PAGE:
A person who has an avoidant attachment style has a parent who is anxious like the ambivalently attached person does. They are in a fearful avoidant attachment state in which they are afraid of being both too close to or too distant from others. As children they may seek isolation and feel “independent,” taking on the role of parenting themselves. They experience confusion in relationships because they want to go toward others to get their needs met, but believe if they get to close to others, they will get hurt. Adults with an avoidant attachment have the tendency to be emotionally distant, withdrawn and unresponsive to their partner. They often come off as focused on themselves and tend to lead more inward lives, both denying the importance of loved ones and detaching easily from them. They have the ability to shut down emotionally. They show an aversion to conflict and inability to talk through issues. And even in heated or emotional situations, they are able to turn off their feelings and not react. For example, if their partner is distressed and threatens to leave them, they would respond by saying, “I don’t care” or “It doesn’t matter to me.”
Using the mirror neurons in our brains we “soak in” the emotional resonance of our parents and their mirror neurons “soak in” ours. The development of a disorganized attachment style comes from the confusion that a child feels from not feeling safe with their parent. In other words, the person they want to go to for safety is the same person they are frightened to be close to. As a result, they have no organized strategy for getting their needs met by others. For instance, when a child is feeling fear they naturally want to go toward their attachment figure, their parent, to be soothed and comforted. But unfortunately there is another part of them that says, I am feeling afraid of that parent and need to get away from the source that is causing me fear and terror. One part says go to my attachment figure and the other part says go away. There is no solution and the system collapses. It is a catch 22. This conundrum impacts children when they are young as well as into adulthood.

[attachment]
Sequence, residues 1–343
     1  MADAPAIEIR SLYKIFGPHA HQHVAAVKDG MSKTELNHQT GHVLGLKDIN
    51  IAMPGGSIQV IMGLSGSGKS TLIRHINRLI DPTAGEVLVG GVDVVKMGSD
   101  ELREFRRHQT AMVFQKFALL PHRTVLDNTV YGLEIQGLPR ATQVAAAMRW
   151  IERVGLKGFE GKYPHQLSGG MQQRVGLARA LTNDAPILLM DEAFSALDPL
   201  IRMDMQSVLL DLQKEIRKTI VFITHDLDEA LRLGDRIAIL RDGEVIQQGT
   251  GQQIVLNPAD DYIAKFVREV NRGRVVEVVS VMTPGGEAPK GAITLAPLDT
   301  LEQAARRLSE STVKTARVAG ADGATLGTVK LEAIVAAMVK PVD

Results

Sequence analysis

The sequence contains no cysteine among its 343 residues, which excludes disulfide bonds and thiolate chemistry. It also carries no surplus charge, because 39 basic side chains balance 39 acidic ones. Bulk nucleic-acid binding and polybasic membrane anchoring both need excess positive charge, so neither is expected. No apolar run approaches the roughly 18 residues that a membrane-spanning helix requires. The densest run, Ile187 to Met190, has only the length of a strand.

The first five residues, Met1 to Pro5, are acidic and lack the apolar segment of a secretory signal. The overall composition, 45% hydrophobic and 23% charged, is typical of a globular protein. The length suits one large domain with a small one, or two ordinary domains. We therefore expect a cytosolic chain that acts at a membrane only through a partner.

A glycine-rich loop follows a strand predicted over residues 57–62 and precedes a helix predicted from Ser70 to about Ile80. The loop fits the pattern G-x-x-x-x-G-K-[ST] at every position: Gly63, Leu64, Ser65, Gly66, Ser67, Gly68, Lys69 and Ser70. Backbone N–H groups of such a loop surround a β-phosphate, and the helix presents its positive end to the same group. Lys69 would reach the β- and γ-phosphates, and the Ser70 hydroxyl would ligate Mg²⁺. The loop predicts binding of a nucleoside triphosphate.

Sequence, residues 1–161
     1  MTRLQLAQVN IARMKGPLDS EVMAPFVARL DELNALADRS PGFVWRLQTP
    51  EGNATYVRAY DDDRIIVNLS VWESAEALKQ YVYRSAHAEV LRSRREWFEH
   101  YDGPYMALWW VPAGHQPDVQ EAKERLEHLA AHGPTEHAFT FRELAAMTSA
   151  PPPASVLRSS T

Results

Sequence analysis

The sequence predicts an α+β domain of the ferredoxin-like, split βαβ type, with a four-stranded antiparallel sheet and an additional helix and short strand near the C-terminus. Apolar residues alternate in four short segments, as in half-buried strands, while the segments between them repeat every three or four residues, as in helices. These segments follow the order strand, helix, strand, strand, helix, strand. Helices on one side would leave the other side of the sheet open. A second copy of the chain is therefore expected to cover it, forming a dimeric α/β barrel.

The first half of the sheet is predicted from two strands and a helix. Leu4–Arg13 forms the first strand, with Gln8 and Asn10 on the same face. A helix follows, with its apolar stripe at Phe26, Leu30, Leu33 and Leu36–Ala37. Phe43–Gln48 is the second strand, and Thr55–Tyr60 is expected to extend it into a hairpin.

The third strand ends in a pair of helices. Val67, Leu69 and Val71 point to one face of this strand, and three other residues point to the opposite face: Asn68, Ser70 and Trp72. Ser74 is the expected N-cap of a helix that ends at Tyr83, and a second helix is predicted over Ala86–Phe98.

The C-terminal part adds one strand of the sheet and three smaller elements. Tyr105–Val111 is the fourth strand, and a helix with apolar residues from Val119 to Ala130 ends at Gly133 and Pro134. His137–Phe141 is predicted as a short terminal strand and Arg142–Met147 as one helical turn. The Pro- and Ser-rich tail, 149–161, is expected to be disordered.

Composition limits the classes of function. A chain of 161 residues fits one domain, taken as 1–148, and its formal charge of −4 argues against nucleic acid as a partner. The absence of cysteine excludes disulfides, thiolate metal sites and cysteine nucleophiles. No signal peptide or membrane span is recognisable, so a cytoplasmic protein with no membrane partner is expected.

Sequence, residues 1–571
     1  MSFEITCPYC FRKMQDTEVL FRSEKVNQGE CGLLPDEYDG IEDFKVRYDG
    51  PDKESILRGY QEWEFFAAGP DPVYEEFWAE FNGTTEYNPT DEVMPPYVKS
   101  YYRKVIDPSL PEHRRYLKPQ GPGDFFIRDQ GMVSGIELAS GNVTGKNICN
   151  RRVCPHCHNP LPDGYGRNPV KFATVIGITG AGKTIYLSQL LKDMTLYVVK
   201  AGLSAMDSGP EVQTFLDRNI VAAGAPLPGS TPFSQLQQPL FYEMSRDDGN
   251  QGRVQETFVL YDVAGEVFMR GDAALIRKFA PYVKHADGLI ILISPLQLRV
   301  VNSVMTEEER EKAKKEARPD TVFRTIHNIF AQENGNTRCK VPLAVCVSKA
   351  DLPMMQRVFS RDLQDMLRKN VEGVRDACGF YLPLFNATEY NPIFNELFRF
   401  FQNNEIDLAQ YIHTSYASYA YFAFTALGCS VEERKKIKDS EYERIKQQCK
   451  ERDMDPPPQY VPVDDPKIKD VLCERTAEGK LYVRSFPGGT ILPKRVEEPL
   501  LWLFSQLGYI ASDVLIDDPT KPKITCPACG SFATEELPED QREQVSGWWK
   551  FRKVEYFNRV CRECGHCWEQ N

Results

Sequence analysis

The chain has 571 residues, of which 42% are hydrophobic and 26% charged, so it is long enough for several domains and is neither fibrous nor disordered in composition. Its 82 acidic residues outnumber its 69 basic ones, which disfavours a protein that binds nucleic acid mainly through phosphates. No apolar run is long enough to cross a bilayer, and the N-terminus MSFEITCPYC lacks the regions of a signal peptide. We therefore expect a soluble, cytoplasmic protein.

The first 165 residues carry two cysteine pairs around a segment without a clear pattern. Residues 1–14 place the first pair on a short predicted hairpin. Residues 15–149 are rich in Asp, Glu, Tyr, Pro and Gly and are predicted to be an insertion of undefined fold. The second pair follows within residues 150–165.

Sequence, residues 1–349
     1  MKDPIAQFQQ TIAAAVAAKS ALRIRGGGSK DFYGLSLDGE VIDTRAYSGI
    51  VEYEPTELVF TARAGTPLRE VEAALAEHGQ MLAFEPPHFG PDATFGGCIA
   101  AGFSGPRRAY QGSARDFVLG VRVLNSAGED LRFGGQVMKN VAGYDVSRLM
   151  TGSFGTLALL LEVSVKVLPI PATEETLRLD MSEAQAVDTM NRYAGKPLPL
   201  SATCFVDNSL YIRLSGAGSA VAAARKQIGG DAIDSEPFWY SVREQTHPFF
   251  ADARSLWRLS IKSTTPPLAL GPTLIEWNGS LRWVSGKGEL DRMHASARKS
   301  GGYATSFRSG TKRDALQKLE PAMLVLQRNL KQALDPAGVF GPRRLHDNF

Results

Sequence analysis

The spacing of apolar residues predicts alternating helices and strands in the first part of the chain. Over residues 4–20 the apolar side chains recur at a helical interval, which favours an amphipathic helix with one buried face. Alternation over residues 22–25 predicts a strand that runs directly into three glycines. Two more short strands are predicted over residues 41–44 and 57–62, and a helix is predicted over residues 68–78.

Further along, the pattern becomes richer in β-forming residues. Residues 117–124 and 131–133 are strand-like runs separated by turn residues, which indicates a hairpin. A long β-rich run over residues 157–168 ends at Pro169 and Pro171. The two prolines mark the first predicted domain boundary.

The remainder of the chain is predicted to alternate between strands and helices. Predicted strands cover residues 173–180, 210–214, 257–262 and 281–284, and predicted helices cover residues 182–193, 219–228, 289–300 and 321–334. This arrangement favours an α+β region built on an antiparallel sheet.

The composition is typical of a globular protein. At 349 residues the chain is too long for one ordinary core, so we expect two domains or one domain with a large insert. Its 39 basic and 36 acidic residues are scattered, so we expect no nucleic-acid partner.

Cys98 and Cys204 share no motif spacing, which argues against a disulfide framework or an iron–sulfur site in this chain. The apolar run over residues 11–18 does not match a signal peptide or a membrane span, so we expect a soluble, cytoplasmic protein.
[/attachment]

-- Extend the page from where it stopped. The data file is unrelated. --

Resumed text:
As adults with disorganized attachment they struggle with emotional regulation and find it difficult to calm themselves down when they are angry. They will often “act out” their inward world of confusion onto others. They often times have difficulty understanding other people’s emotions and reactions. This can result in taking things more personally then they might otherwise. It causes one to be on constant vigilance to determine if people in their environment are safe or unsafe. These individuals tend to find themselves in rocky or dramatic relationships, with many highs and lows. They often have heightened reactions to common relationship issues and emotionally fueled disagreements with their partners. They often have fears of being abandoned but also struggle with being intimate. They may cling to their partner when they feel rejected, then feel trapped when they are close. A person with disorganized attachment may even wind up in an abusive relationship.
So are you stuck with your attachment style? The answer is NO!
The attachment style you developed as a child based on your relationship with a parent or early caretakers don’t have to define your ways of relating to those you love in your adult life. To be honest it isn’t easy to change your attachment style but it is not impossible with awareness, insight and help. If you come to know your attachment style, you can uncover ways you block yourself from getting close and being emotionally connected to your spouse. Instead, you can work towards forming a “secure attachment.” If you aren’t already married or in a committed relationship then you can choose a partner with a secure attachment style, and work on developing yourself in that relationship.
Individual and couples therapy with an attachment trained therapist can help. EMDR (Eye Movement Desensitization Reprocessing) therapy in particular can help you to heal from childhood wounds and change your attachment patterns. Couples can also benefit by participating in EFT (Emotionally Focused Couples Therapy) which is therapy based on attachment theory. By becoming aware of your attachment style, both you and your partner can challenge the insecurities and fears supported by lifelong patterns of relating in relationships and develop new styles of attachment for restoring and sustaining a loving and lasting relationship.